Five horses who stood tall in Louisiana Derby winner's circle
The Louisiana Derby (G2) has been around a long time, yet only two of its winners have gone on to capture the Kentucky Derby (G1).
Black Gold, a local legend whose remains are interred in the Fair Grounds infield, was the first to pull off the double in 1924, and it would be more than 70 years before the feat was replicated by Grindstone in 1996.
Here are five other winners of the Louisiana Derby that also deserve a bit of recognition:
Peace Rules (2003)
Campaigned primarily on grass at two when he was a multiple stakes winner, he made his three-year-old debut in the Louisiana Derby and registered a 9-1 upset over, among others, eventual Kentucky Derby and Preakness (G1) winner Funny Cide.
Also the winner of the Blue Grass (G1), Peace Rules finished third in the Derby and fourth in the Preakness to Funny Cide but split the season series with his champion rival when taking the Haskell Invitational (G1). He later finished second in the Travers (G1).
Peace Rules blew hot and cold at age four, but did score victories in the New Orleans H. (G2), Oaklawn H. (G2), and Suburban H. (G1). He twice defeated Funny Cide and future Horse of the Year Saint Liam that season.
Arguably the second best horse trained by Bud Delp (the first, of course, being Spectacular Bid), the chestnut was by Kentucky Derby winner Sunny's Halo and out of a mare by 1976 Louisiana Derby hero Johnny Appleseed.
A non-participant in the Triple Crown, Dispersal scored a second big win at three in the $500,000 NYRA Mile (now the Cigar Mile) and narrowly missed in the Blue Grass (G1), American Derby (G1), and Breeders' Cup Sprint (G1), the latter by a half-length.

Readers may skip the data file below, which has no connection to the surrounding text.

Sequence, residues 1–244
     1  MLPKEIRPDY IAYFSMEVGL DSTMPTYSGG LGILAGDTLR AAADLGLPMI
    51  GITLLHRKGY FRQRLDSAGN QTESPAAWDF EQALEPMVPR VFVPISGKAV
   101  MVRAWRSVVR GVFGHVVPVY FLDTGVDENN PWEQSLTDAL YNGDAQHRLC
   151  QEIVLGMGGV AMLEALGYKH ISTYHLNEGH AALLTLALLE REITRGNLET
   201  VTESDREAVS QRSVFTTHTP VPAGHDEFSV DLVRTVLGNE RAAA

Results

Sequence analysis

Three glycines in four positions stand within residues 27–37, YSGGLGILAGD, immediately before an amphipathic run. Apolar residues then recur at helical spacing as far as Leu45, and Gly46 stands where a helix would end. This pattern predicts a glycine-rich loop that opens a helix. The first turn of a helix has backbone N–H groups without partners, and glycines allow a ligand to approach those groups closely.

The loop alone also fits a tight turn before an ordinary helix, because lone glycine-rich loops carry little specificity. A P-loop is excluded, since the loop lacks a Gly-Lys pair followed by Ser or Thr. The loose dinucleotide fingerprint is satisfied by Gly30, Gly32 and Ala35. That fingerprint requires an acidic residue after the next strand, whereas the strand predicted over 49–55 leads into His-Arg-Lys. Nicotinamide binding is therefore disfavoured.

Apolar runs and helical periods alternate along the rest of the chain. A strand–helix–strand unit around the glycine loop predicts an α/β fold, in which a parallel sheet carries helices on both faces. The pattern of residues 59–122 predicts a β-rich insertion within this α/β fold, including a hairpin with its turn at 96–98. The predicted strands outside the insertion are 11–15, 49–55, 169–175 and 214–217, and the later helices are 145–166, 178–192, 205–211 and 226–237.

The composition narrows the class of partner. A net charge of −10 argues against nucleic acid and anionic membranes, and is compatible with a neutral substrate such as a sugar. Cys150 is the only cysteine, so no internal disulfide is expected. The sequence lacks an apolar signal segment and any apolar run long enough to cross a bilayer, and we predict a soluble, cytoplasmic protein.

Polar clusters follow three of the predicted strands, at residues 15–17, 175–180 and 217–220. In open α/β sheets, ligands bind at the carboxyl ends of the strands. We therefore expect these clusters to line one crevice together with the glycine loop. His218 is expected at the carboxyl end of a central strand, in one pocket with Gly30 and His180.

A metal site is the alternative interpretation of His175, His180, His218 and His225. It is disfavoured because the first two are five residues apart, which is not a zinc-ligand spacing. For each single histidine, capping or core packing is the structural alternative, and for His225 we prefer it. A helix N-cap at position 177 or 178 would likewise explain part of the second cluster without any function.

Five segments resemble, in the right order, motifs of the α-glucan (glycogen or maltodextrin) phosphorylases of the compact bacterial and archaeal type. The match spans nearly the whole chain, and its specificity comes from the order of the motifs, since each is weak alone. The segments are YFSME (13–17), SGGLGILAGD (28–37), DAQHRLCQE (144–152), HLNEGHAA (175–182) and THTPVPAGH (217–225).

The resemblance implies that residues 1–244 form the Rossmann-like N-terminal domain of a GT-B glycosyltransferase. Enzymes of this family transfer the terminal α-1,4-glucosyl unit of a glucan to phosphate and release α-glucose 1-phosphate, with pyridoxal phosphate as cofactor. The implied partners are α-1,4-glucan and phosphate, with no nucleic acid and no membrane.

At four, he racked up Midwest victories in the Cornhusker H. (G3) at Ak-Sar-Ben and Canterbury Cup (G3) before posting a mild upset in the Woodward H. (G1) at Belmont over the likes of Horse of the Year Criminal Type and Quiet American.
Golden Act (1979)
One of the best in his crop not named Spectacular Bid, this California-bred landed the Louisiana Derby/Arkansas Derby (G2) double before finishing second in the Kentucky Derby and third in the Preakness behind 'The Bid.' In the Belmont (G1), he finished second to Coastal as Spectacular Bid finished a tired third in his quest for the Triple Crown.
Golden Act found his true calling on the grass in the second of his three-year-old season, reeling off three straight in the Secretariat (G2), Lawrence Realization (G2), and Canadian International (G1), the latter over turf female champion Trillion.
Master Derby (1975)
The only winner of the Louisiana Derby between Black Gold and Grindstone to win a classic, he upset Foolish Pleasure in the Preakness after running fourth behind him in the Kentucky Derby. Other highlights at three included a win in the Blue Grass and a third-place effort in the Belmont.
Unplaced only five times in 33 career starts, his four-year-old campaign included victories in the New Orleans H. (G3) and Oaklawn H. (G3), and placings in the Metropolitan H. (G1) and Trenton H. (G2).
Greek Ship (1950)
A bit lower in the pecking order behind Horse of the Year Hill Prince and dual classic winner Middleground, his sophomore accomplishments are nonetheless amazing by modern standards.
In addition to wins in the Louisiana Derby and Choice (the precursor of the Haskell) at Monmouth Park, Greek Ship made a habit of beating older horses at three with top level victories in the Met Mile, 1 1/4-mile Monmouth H. (now the Iselin), and 1 5/8-mile Gold Cup at Jamaica, the latter a race won by five champions (Stymie, Citation, One Count, Counterpoint, and Crafty Admiral) in its short seven-year history.
(Master Derby photo courtesy of Fair Grounds)